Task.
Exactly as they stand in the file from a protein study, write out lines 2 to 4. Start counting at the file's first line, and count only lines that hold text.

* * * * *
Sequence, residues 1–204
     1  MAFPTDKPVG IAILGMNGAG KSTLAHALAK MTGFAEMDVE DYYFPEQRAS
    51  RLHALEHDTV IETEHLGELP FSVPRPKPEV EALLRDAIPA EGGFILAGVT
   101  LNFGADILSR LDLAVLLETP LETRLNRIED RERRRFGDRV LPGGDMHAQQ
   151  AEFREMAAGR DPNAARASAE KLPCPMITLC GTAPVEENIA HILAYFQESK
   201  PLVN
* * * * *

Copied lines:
     1  MAFPTDKPVG IAILGMNGAG KSTLAHALAK MTGFAEMDVE DYYFPEQRAS
    51  RLHALEHDTV IETEHLGELP FSVPRPKPEV EALLRDAIPA EGGFILAGVT
   101  LNFGADILSR LDLAVLLETP LETRLNRIED RERRRFGDRV LPGGDMHAQQ